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- Typing Umlauts on an English-language keyboard;
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To be frank, I don't think of this as much of a problem. In most cases it's 1 better not to care like Email because of encoding issues or 2 the application handles this Word or OOo.
But it's a valid point nonetheless. Several ways: Switch to a German keyboard layout. No, really. This way, you just have to memorize where these four keys are, not all the other differences between US and German layout. Use codes: Don't know if you need other keys for other systems.
Windows Character Map charmap. OregonGhost OregonGhost 13k 47 Automatically answered in English, because I just read the English question. I guess it's valuable primarily for English-speaking people anyway.
For me, that's perfectly fine. If someone wants a translation, they should ask, then I'd translate.
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- Keyboard Shortcut for Umlaut - Apple Community;
Minor nitpick: The other way round doesn't work. Didn't know that. Anyway just press them at the same time: D Of course, you can also click onto the language toolbar Sprachenleiste.
Both ways work for me On Mac OS X you can use: Twelve47 Twelve47 1 10 You can also press [Shift] with the A, E or U to get the uppercase variant. Additionally, starting with OS X Press with Shift key for the uppercase. It works for some other languages too: It reeks of vinyl and ticker tape, and I'm ashamed that the big ass company I work for has an employee directory which still does these mappings to the precious umlauts and esszetts: The "trema" above the letters looks different in German hand-writing and is exactly the letter e in the old Kurrentschrift. How to get it On Linux: The "no dead keys" variant may or may not be the default.
If it isn't, you will also have to set a parameter to get it. Details of how to do this depend on your desktop environment. On Windows: Unfortunately, by default only the standard variant with dead keys is available.
German Umlaute ö ü ä on US keyboard - Apple Community
Fortunately the old freeware solution to this problem works without any problems even under Windows Download and install keyboard variant "United States International Alternate" file altinter. Here is a direct link to the file. How to use it The beauty of this mapping in contrast to standard US International is that it behaves in almost every respect like the normal US keyboard mapping and only has additional possibilities for key combinations that the US mapping doesn't use. Whenever a mainstream language has something that looks like a standard ASCII character with a plain accent added to it, you get it by pressing AltGr: By analogy, we also have the following: The key combinations currently defined for that special character on your computer will appear.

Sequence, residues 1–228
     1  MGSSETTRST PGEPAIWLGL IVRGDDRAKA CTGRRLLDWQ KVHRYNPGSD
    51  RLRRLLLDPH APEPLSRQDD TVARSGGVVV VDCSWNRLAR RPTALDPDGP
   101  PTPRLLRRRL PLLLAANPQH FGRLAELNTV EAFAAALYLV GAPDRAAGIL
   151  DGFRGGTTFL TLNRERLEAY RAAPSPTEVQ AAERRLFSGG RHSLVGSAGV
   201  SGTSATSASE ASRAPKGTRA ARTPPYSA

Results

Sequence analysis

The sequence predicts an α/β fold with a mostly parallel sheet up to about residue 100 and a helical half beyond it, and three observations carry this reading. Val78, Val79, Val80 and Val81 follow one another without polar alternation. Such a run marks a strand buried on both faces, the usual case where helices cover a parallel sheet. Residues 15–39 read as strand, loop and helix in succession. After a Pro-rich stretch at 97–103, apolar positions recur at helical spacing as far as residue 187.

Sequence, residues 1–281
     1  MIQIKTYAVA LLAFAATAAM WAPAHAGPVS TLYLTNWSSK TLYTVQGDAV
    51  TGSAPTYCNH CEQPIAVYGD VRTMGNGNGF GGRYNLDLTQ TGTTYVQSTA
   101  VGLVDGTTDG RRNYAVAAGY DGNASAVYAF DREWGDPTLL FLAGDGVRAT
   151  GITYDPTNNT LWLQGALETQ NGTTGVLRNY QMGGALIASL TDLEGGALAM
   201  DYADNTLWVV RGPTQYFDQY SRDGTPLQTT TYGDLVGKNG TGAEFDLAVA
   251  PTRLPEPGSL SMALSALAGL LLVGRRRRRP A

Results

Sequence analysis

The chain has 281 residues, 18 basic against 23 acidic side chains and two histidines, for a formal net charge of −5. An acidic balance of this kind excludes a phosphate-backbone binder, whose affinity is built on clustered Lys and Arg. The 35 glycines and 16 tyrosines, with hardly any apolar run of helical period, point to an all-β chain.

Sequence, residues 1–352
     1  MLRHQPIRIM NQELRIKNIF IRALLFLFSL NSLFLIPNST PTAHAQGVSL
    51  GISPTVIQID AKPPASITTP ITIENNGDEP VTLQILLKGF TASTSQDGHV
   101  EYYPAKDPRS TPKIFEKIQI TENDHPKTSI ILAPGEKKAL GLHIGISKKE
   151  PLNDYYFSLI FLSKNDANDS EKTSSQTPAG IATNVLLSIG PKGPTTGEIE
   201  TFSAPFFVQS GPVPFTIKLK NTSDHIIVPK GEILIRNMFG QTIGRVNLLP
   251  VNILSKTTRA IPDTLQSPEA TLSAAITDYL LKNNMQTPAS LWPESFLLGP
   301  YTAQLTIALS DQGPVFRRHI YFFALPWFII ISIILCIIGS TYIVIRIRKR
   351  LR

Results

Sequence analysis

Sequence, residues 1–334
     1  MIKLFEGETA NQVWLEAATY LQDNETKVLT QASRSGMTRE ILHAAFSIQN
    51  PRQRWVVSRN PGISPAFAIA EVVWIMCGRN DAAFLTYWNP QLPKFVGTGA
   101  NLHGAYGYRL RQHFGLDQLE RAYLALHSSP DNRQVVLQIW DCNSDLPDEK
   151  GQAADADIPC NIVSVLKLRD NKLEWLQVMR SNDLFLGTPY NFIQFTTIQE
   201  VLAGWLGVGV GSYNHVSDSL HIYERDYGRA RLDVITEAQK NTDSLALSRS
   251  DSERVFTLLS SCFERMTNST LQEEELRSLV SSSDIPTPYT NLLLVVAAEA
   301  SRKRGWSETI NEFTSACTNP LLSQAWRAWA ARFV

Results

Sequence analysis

If you don't like the above key combinations, there is a way to define simpler ones: From the "Insert" menu, choose "Symbol. Click on the special character you want, and then click on the "Shortcut" option.
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There, you can define a key combination for that character that's convenient for you, or you can read and memorize the one set by the computer as a default which should be the combination of keys described above. The computer will tell you if the key combination you choose is already in use. If you have your own computer, you only need to do this once; if you're using a computing center, you'll need to do it each time you come. Other possibilities: Use the Unicode Character Numbers. Click on the link for details! This is a program that allows you to create your own keyboard shortcuts in Windows.
It also works with Linux. You can read about and download the program here: This link was sent to me by Andrey Rumyantsev, who wrote the program after years of using the above methods. Here is a description someone sent me: The ability to use the umlaut should already be there.
On my English keyboard I type Alt-Gr 2 then the letter. I find it more convenient to enter French and German accents directly using the At-Gr key which seems to be one of the hidden secrets of the PC. The standard PC keyboard gives a way to enter German and other Western Europe accents directly providing the keyboard has been defined to do so. German and French keyboards, for example do it by default. This input is system wide, not specific to LibreOffice. I have appended a sample of the UK extended keyboard layout.
The American one is similar. Level-1 is lowercase and Level-2 is Uppercase Shift. To use these keys, if they are not already defined in your system you need to add the 'United Kingdom Extended keyboard layout' for UK keyboards.